(1−t)y0+ty1.Taking theinﬁmumat y0 and y1,we gettheconvexityof ϕ, andthiscompletes theproof.

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Assume thattheunderlyingreduced Birkhoﬀ systemis avectorspace. Then, using induction,one can checkeasilythat(2) implies(1).Unfortunately,theconverseimplicationisnotvalid.Thusourmainresults (thepreviousandthenexttheorems)areonlysuﬃcientconditionsfortheexistenceofaconvexseparator.

However,underthisgenerality,afullcharacterizationcannotbeexpected.

ConsiderareducedBirkhoﬀ system(X,L,d),andlet

K:={k∈N| ∀H ⊆X,∀x∈conv(H) :∃F ⊆H :x∈conv(F),card(F)≤k}.

If K isnot empty,then κ:= minK is called theCarathéodory number of thesystem; and ifK is empty, thentheCarathéodorynumberisdeﬁnedtobe+.Equivalently,theCarathéodorynumbercanbedeﬁned as the leastκ suchthattherepresentation of Lemma1remainsvalid ifwe allowonly theconvex hullsof sets withat mostκelementson theright-handside,or as+ifthere isnoﬁnite κwiththisproperty. If theCarathédorynumberoftheverticalextensionisknown,wecanstrengthenthestatementofTheorem1.

Theproof isessentiallythesame,thusweomitit.

Theorem 2.Keeping the conditions of the previous theorem, assume that the Carathéodory number of the vertical extension isκ.Thenthesize oftheinvolved convexhullcan bereduced ton≤κ.

If X is a ﬁnite-dimensional vector space, the classical separation result of [1] restricts the length of the involved combination to dim(X)+ 1, while the Carthéodory numberof thevertical extension is κ= dim(X)+ 2.Inotherwords,thereductionofTheorem2canbeimprovedintheﬁnite-dimensionalsetting.

ThedropcompletenessoftheverticalextensionsisrequiredbothinTheorem1andTheorem2.Clearly, this assumption makes theunderlying reduced Birkhoﬀ systemdrop complete as well.Thus thequestion arises, quiteevidently:Does theextension inherit dropcompletenessfrom theoriginal system? Inorder to justify theconditionsof themain results,wewillgiveanegative answerinthelastsection.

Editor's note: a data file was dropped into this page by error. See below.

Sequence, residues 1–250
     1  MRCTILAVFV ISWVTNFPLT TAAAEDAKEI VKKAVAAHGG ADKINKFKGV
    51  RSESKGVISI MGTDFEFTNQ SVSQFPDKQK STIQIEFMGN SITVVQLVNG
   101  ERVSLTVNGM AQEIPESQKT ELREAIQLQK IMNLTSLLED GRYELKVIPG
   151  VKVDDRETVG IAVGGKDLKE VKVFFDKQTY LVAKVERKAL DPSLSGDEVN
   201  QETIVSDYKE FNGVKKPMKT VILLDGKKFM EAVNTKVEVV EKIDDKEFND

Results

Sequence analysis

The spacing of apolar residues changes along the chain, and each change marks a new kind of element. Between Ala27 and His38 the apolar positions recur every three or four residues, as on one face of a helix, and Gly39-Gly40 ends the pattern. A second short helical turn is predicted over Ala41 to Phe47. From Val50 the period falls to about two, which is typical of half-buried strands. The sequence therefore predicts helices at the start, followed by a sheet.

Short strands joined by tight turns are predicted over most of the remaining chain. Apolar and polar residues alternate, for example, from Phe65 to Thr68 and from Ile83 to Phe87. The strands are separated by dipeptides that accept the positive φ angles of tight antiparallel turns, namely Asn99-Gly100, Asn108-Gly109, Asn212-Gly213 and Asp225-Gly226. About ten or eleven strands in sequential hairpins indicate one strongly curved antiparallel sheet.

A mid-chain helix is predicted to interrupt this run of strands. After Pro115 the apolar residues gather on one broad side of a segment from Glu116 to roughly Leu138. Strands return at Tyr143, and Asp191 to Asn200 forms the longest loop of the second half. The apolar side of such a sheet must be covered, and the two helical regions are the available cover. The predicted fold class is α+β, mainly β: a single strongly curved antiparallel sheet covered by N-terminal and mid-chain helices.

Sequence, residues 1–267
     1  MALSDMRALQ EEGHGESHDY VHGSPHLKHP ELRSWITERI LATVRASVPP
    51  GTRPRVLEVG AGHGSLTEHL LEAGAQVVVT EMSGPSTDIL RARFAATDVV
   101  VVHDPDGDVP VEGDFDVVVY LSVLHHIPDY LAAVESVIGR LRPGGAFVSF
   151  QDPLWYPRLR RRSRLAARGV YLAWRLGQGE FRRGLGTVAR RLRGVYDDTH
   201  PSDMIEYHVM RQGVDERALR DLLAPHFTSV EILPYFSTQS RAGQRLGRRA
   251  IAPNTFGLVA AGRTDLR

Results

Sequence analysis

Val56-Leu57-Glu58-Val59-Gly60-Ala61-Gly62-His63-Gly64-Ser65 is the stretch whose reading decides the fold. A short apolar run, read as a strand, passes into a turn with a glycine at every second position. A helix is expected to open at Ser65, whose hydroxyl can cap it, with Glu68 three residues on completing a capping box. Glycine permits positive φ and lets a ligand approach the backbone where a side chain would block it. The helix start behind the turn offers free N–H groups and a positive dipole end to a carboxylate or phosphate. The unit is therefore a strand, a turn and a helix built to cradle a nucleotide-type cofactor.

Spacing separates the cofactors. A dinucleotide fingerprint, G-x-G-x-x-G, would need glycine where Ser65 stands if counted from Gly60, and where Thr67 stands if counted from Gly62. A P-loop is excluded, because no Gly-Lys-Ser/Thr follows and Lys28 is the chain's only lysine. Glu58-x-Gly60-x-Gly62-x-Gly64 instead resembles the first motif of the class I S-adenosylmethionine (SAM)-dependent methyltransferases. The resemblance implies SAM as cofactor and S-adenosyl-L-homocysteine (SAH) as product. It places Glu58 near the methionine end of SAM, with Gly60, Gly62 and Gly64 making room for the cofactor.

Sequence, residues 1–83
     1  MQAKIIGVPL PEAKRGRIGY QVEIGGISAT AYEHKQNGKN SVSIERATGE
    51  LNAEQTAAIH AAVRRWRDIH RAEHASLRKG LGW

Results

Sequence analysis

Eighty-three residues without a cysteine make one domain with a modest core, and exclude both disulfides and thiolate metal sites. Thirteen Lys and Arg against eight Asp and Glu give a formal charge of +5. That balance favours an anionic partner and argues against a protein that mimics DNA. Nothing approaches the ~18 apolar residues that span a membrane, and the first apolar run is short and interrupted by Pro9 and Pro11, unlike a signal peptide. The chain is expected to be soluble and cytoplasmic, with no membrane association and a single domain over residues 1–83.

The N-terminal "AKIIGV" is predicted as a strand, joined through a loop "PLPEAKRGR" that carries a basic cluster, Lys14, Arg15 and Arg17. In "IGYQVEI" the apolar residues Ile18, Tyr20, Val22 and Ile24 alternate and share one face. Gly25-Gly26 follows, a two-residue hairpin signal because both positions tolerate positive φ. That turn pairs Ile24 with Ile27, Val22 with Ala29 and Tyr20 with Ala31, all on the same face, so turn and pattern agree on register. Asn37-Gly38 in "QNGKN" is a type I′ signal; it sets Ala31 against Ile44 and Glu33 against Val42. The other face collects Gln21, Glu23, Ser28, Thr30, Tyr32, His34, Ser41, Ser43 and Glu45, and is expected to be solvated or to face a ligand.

3. ConvexseparationinCartan–Hadamardmanifolds

The celebrated theorem of Hopf states that each simply connected, complete Riemannian manifold of positive sectional curvature is compact. In contrast to this behavior, nonpositive curvature results in an oppositefeatureaccordingto thetheorem ofCartanandHadamard:

Theorem. The exponentialmapatanypointofasimplyconnected,complete Riemannianmanifoldofnon- positive sectionalcurvature isaglobal diﬀeomorphismbetween thetangent spaceatthegivenpointand the manifold.

These manifolds are called Cartan–Hadamard manifolds. In particular, by this theorem, each Cartan–

HadamardmanifoldishomeomorphictoaEuclideanspace.Moreover,geodesicscanbeparametrizedalong theentiresetofreals,andtwogeodesicscanhaveatmostonecommonpoint.Thismeansthatthepostulate of incidenceandthepostulateofruleraresatisﬁed,andwecanformulatethenextstatement.

Lemma 4.Each Cartan–Hadamardmanifoldisareduced Birkhoﬀsystem.